I have a 21-year-old Thoroughbred mare that came to me five years ago badly starved, and she has had the hardest time putting on weight. I have tried so many different things! Her health is good, she is dewormed regularly, and her teeth are taken care of. I have her on senior feed, alfalfa (lucerne) cubes, beet pulp mixed with corn oil, and recently started rice bran and three flakes of hay in the morning and night. She will gain a little bit of weight then stop, and maybe gain a bit more a month later. Is there anything else I can do to put more weight on?
You’ve been able to alleviate health and dentition as concerns (vaccinated, dewormed, and received regular visits from the dentist), so we’ll focus on her age and diet.
As horses age, their ability to extract nutrients from their diet declines. Likewise, the amount of digestible energy (DE) needed for weight gain increases as horses age. Currently, you are feeding the feedstuffs that we would normally recommend for putting weight on an aged horse: a senior feed, alfalfa cubes, beet pulp, corn oil, rice bran, and hay. The problem you may be experiencing may be in the amounts you are feeding.
At this age and with this horse’s history, you cannot depend on hay alone to put a lot of weight on a horse as it is an essential component of any diet and key to maintaining a healthy hindgut. Make sure the hay you’re feeding is good quality, and weigh it to ensure that you are feeding the correct amount (we recommend 1.5% of her body weight). The alfalfa cubes can be included in that 1.5%. If this horse does not chew hay well, this amount may be difficult to get the horse to eat. That is why the senior feed and beet pulp are beneficial high-fiber additions to the diet.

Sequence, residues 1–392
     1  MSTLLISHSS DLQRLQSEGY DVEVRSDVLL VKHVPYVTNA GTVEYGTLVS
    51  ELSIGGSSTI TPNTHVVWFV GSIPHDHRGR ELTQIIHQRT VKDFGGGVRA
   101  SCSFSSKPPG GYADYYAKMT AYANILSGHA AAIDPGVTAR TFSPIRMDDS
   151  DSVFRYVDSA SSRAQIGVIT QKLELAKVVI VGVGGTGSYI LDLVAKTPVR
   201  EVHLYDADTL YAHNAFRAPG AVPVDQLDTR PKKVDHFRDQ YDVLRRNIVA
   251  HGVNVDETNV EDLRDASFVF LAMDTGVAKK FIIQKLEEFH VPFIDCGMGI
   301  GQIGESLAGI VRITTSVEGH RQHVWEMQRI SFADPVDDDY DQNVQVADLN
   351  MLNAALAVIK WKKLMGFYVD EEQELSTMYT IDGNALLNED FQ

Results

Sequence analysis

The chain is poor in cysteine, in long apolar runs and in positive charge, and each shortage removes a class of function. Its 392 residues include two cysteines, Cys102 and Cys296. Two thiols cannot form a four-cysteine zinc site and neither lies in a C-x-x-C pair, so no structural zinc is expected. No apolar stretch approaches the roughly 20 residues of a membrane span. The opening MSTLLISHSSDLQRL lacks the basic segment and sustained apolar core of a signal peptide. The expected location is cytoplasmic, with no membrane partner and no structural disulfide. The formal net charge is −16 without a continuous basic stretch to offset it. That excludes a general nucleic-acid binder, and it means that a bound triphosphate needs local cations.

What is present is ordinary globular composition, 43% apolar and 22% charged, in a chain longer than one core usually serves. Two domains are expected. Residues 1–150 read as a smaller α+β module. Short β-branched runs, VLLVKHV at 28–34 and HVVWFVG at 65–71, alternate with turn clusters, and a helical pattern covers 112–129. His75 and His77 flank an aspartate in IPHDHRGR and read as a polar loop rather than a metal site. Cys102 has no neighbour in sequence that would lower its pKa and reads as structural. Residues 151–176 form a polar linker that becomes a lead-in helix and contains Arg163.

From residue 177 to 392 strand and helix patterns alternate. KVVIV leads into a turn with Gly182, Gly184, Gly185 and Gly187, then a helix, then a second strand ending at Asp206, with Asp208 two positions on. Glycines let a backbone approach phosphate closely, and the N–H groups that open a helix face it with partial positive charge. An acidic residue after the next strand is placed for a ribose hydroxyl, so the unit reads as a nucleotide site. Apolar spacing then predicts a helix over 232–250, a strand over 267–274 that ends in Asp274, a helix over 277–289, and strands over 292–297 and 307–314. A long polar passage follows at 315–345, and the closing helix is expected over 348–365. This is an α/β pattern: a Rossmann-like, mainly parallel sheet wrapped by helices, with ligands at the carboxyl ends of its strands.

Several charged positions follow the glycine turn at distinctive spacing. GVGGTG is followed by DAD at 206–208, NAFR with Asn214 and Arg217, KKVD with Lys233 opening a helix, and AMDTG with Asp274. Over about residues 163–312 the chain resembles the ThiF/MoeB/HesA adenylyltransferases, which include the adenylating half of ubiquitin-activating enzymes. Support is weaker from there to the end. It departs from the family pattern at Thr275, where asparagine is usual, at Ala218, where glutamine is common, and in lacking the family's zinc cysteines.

Look for feeding instructions on the bag or tag of the senior feed, and weigh the amount you give your mare daily, to ensure you’re feeding according to directions. Some senior feeds are designed to be fed at a high intake rate; for example, you may see a recommendation of 10-18 lb/day (4.5-8.2 kg) for an average horse’s maintenance diet. If the horse is in work, the amount you need to feed in order to meet her requirements increases. If you aren’t following the bag’s feeding directions and feeding under the recommended amount, you might consider increasing the amount to at least the minimum.
Beet pulp is another highly digestible fiber source that is commonly used to get weight on a horse. However, to feed it safely to an aged horse it needs to be soaked, which will add a lot of weight and bulk, and decrease the energy density. So, to assure that you are supplying significant calories with this, it would be advisable to weigh the beet pulp dry before soaking. If you are not feeding more than 1 lb (0.5 kg) per day, it is not adding very many calories.
Fat is calorie-dense and a good addition to the weight-challenged horse’s diet. The more you feed, the more calories you will supply, but there is a limit to what is good for the digestive tract. For the oil, 0.5 to 2 cups per day is a reasonable amount. For the rice bran, up to 2 lb (0.9 kg) per day can be fed safely without interfering with microbial function of the hindgut.